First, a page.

A Chicago animal shelter has released over 1000 feral cats onto the streets over the last decade in an attempt to combat the city's rat infestation.
For six consecutive years, Chicago has placed number one in the US on pest control company Orkin's list of the 'rattiest cities'. According to the National Post, Chicago's problem with rats goes back to 1977, when the city offered a $1 bounty for each rat killed by residents.
In an effort to tackle the city's exploding rat problem, Tree House Humane Society - an organisation dedicated to the protection of cats - identified a solution for Chicago's rat infestation problems.
The Cats at Work programme by the Tree House Humane Society is taking previously unwanted and feral cats that cannot thrive in a home or shelter, and releasing them into Chicago's residential and commercial areas to combat the pesky rat problem.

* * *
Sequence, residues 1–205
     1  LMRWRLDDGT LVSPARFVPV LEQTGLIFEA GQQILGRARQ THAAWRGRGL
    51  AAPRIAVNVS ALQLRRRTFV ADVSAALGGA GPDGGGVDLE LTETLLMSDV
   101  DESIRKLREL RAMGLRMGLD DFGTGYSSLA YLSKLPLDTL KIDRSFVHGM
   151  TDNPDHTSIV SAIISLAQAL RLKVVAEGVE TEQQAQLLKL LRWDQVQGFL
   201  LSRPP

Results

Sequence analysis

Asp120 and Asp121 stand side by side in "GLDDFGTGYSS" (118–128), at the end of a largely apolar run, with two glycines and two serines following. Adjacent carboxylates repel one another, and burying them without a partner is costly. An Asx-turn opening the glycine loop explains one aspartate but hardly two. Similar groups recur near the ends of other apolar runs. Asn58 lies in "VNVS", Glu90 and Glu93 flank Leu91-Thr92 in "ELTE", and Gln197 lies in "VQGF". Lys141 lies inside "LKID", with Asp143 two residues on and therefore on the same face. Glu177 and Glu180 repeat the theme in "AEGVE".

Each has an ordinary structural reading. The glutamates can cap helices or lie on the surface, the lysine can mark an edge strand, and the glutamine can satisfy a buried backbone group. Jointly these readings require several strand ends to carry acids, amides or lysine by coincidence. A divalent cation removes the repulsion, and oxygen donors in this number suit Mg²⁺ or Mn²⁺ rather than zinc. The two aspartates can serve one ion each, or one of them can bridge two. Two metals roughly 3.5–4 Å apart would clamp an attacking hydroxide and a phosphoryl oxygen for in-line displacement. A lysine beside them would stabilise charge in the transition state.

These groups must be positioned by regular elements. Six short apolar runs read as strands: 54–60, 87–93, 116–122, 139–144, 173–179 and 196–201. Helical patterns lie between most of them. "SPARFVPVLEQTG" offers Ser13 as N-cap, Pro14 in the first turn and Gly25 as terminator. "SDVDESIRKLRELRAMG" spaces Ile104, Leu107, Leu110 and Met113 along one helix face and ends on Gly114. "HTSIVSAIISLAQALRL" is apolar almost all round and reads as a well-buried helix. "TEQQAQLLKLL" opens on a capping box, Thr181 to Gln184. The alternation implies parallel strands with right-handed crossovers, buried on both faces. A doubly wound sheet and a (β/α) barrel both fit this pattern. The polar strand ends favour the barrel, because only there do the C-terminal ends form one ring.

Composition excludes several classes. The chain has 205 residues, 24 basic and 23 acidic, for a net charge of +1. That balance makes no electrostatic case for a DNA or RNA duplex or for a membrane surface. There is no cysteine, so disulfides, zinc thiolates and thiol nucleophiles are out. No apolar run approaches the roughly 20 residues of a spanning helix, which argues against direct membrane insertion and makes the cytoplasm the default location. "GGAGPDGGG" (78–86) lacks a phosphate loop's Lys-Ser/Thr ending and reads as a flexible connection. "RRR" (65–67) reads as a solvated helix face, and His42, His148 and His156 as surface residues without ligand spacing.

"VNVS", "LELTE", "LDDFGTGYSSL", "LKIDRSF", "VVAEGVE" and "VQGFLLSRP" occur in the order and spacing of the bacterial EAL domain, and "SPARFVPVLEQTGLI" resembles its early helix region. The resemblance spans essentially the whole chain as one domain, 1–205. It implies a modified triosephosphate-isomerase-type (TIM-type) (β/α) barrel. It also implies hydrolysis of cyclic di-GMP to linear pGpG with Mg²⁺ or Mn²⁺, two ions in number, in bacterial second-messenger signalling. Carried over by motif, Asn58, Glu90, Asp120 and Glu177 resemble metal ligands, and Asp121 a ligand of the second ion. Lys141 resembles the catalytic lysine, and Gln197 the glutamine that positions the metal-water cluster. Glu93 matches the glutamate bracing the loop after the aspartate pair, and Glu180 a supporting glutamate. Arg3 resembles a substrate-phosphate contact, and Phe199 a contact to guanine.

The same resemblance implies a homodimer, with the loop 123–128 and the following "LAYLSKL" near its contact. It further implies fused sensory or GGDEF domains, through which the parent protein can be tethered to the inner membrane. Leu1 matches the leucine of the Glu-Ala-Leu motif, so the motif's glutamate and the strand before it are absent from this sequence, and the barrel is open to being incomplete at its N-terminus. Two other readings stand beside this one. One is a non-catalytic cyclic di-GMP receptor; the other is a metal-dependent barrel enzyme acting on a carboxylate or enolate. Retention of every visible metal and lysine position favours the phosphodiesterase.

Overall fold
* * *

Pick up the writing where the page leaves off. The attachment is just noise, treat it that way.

The organisation explains on its website that cats are placed two or three at a time into a area in order to "provide environmentally friendly rodent control."
While feral cats do kill rats, their presence alone acts a deterrent, as their pheromones are often enough to scare rats away.
The cats are placed under the care of approved local businesses and property owners as 'working cats', where they are rewarded with food, water, shelter and wellness for hunting rodents.
"In most cases, our Cats at Work become beloved members of the family or team and some even have their own Instagram pages," the website states.
All the cats that get released are spayed or neutered so as to not contribute to the city's stray cat problem.
According to WGN9, the animal shelter has released more than 1000 feral cats onto Chicago streets since 2012.